Statistical models for identifying frequent hitters in high throughput screening

Goodwin, S., Shahtahmassebi, G. ORCID: 0000-0002-0630-2750 and Hanley, Q.S. ORCID: 0000-0002-8189-9550, 2020. Statistical models for identifying frequent hitters in high throughput screening. Scientific Reports, 10: 17200. ISSN 2045-2322

1370240_Hanley.pdf - Published version

Download (2MB) | Preview


High throughput screening (HTS) interrogates compound libraries to find those that are “active” in an assay. To better understand compound behavior in HTS, we assessed an existing binomial survivor function (BSF) model of “frequent hitters” using 872 publicly available HTS data sets. We found large numbers of “infrequent hitters” using this model leading us to reject the BSF for identifying “frequent hitters.” As alternatives, we investigated generalized logistic, gamma, and negative binomial distributions as models for compound behavior. The gamma model reduced the proportion of both frequent and infrequent hitters relative to the BSF. Within this data set, conclusions about individual compound behavior were limited by the number of times individual compounds were tested (1–1613 times) and disproportionate testing of some compounds. Specifically, most tests (78%) were on a 309,847-compound subset (17.6% of compounds) each tested ≥ 300 times. We concluded that the disproportionate retesting of some compounds represents compound repurposing at scale rather than drug discovery. The approach to drug discovery represented by these 872 data sets characterizes the assays well by challenging them with many compounds while each compound is characterized poorly with a single assay. Aggregating the testing information from each compound across the multiple screens yielded a continuum with no clear boundary between normal and frequent hitting compounds.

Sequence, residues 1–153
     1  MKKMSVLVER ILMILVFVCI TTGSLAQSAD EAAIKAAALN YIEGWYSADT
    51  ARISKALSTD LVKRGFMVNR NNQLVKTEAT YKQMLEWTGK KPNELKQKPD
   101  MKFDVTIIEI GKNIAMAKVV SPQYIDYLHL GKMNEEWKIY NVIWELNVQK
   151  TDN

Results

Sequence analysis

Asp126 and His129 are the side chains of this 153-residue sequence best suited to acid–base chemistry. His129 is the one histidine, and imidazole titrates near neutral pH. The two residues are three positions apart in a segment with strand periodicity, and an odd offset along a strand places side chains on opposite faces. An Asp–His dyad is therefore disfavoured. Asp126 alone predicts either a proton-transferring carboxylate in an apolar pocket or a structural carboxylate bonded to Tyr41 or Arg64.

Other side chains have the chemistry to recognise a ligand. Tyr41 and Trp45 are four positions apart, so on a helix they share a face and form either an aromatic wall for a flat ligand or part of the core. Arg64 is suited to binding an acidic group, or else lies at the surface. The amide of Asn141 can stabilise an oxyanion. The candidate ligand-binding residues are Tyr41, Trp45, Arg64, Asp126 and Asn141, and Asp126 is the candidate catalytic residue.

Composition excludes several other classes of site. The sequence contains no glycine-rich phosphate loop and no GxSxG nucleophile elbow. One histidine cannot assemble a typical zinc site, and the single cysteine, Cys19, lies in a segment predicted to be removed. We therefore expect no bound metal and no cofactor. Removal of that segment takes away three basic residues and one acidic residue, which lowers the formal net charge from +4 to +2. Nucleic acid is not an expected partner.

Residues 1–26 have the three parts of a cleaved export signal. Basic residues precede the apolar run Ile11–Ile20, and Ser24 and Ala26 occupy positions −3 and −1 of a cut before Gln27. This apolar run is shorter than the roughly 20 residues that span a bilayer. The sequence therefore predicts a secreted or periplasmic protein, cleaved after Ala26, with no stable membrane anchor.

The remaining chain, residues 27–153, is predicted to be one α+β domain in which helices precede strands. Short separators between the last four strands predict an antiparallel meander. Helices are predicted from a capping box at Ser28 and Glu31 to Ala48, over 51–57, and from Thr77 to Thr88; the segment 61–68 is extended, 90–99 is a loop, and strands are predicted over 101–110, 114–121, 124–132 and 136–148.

Item Type: Journal article
Publication Title: Scientific Reports
Creators: Goodwin, S., Shahtahmassebi, G. and Hanley, Q.S.
Publisher: Nature Research (part of Springer Nature)
Date: 14 October 2020
Volume: 10
ISSN: 2045-2322
Rights: © The Author(s) 2020. Open Access: This article is licensed under a Creative Commons Attribution 4.0 International License, which permits use, sharing, adaptation, distribution and reproduction in any medium or format, as long as you give appropriate credit to the original author(s) and the source, provide a link to the Creative Commons licence, and indicate if changes were made. The images or other third party material in this article are included in the article’s Creative Commons licence, unless indicated otherwise in a credit line to the material. If material is not included in the article’s Creative Commons licence and your intended use is not permitted by statutory regulation or exceeds the permitted use, you will need to obtain permission directly from the copyright holder. To view a copy of this licence, visit
Divisions: Schools > School of Science and Technology
Record created by: Linda Sullivan
Date Added: 01 Oct 2020 09:43
Last Modified: 31 May 2021 15:14

Actions (login required)

Edit View Edit View


Views per month over past year


Downloads per month over past year